The concept of equality underwent a radical re-definition during the Kennedy administration. Courts and public policy makers moved away from personal discrimination to adopt the "disparate impact" theory of discrimination on racial minorities as a group. Under this new, group-rights based theory of discrimination, "equal opportunity" gave way to an emphasis on the equality of results (Belz 1991). The previous focus of granting citizenship rights to African-Americans now gave way to an emphasis on equalizing outcomes or results. This equality of results was often achieved through systematic racial preferences.

When President Lyndon B. Johnson enacted Executive Order 11246 in 1965, it was this group-rights based theory of equal rights that became enshrined in the policies of affirmative action.

Aristotelian values ethics and affirmative action

The Aristotelian emphasis on value-based ethics supports the "equal opportunity" aspect of affirmative action. When applied to hiring, Aristotelian ethics recognize that if faced with racism, many minorities thus would be prohibited from using their virtue. Viewed in this light, Aristotelian ethics support the "equality of opportunity" approach espoused by classical views regarding affirmative action.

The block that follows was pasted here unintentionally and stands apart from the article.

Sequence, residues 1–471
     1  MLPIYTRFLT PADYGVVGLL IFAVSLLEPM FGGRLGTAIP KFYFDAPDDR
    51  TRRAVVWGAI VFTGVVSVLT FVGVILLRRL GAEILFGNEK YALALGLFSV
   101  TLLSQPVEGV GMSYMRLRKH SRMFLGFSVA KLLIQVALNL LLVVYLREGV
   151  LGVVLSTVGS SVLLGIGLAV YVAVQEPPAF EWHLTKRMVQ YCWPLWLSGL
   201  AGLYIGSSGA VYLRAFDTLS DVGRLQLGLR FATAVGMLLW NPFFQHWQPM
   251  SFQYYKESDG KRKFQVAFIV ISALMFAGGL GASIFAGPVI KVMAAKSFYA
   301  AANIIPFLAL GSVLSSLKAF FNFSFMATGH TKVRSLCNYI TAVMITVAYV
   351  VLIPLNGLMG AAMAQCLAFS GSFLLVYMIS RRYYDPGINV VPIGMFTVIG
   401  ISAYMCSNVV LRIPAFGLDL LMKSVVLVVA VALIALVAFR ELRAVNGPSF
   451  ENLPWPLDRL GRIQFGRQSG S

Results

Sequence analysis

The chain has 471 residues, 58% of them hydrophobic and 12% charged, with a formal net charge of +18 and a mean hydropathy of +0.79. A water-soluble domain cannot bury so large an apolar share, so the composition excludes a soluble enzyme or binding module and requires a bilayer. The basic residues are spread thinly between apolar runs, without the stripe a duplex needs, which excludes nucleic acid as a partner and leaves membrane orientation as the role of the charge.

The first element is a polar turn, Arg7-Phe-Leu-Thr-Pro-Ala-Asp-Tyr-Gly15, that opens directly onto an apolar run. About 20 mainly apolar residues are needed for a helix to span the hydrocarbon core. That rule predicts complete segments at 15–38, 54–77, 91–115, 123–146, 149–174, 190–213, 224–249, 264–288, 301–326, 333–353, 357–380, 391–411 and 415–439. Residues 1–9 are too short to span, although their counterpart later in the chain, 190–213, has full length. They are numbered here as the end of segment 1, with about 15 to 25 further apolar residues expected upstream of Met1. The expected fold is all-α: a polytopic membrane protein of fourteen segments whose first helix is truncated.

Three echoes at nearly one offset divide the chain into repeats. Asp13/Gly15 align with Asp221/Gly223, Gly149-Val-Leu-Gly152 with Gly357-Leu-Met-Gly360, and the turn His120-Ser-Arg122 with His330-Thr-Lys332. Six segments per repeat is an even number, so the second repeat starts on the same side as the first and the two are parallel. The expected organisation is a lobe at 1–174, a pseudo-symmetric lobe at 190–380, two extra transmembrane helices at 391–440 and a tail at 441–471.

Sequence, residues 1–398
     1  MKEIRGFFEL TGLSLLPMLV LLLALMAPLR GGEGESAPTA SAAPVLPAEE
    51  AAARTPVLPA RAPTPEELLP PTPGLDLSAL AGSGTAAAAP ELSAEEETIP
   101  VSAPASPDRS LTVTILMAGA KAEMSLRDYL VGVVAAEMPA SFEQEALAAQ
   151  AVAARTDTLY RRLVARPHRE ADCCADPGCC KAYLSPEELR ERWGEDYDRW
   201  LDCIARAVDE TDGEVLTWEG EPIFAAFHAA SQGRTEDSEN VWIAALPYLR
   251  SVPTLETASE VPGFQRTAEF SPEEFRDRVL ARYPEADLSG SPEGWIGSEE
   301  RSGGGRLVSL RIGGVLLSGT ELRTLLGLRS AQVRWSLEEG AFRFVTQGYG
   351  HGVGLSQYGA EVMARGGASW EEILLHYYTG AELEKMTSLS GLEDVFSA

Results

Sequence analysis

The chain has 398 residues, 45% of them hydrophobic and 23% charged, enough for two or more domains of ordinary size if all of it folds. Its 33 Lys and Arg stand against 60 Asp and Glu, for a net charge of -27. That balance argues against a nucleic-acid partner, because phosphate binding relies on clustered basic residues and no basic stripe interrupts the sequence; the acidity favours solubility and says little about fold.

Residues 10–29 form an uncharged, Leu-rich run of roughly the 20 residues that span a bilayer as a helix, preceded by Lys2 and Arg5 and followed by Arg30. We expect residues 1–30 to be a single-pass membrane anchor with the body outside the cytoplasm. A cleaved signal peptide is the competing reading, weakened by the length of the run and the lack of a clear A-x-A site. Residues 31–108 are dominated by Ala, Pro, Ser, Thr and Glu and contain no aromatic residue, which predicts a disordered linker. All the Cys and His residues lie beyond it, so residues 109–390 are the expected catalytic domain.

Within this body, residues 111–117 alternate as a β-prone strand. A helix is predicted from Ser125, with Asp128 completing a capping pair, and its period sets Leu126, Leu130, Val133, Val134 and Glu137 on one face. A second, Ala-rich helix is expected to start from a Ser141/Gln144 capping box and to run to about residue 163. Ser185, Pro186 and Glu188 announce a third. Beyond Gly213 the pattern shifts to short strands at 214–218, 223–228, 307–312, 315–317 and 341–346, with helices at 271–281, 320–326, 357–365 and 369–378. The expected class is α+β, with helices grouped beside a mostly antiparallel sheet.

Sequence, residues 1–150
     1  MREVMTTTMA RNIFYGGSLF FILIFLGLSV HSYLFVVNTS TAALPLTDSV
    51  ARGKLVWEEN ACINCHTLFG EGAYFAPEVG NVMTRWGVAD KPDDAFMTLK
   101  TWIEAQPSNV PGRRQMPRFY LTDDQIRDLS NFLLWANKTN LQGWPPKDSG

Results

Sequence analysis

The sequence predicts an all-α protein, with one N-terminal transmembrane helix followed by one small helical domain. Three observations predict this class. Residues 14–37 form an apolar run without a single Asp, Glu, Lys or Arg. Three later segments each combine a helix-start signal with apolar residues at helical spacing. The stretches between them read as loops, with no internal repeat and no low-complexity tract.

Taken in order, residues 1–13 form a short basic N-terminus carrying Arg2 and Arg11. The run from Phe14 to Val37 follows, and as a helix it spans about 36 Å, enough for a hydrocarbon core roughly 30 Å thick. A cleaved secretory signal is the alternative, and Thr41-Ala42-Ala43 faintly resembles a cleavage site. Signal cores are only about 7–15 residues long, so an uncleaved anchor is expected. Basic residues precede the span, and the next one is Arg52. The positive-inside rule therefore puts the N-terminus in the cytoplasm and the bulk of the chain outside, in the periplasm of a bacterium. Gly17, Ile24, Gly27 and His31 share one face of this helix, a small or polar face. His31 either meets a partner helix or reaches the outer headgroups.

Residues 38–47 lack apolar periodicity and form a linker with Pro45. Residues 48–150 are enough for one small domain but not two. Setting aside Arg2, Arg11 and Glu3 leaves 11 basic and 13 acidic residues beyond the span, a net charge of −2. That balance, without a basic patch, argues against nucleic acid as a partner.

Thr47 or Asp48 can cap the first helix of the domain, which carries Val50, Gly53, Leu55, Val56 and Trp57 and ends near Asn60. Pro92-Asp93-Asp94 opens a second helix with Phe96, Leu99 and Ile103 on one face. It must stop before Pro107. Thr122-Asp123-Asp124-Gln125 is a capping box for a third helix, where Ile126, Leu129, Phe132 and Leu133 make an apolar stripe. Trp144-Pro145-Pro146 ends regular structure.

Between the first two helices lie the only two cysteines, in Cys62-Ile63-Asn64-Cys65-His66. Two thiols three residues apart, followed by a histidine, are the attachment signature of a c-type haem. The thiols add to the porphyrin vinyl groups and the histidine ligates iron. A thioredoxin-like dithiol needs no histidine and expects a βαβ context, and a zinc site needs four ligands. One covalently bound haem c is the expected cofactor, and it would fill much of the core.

This values-based ethics would thus endorse what law professor Paul Butler terms "process-oriented affirmative action policies" (cited in Williams 2000). Under these policies, employers are charged with ensuring that their job openings are advertised widely to reach ensure that interested minority applicants can submit applications. Likewise, college recruiters must take special care to visit high schools with high minority populations, to ensure a racial balance in their applicant pool. Process-oriented affirmative action policies focus on making sure that all applicants are subject to the same tests, skills and interviews, to ensure every candidate receives fair and nondiscriminatory treatment.

However, Butler also identifies a second type of affirmative action.…

Cite This Term Paper:

"Ethically Ending Racism In American Business" (2003, May 20) Retrieved August 18, 2017, from

"Ethically Ending Racism In American Business" 20 May 2003. Web.18 August. 2017. <>

"Ethically Ending Racism In American Business", 20 May 2003, Accessed.18 August. 2017,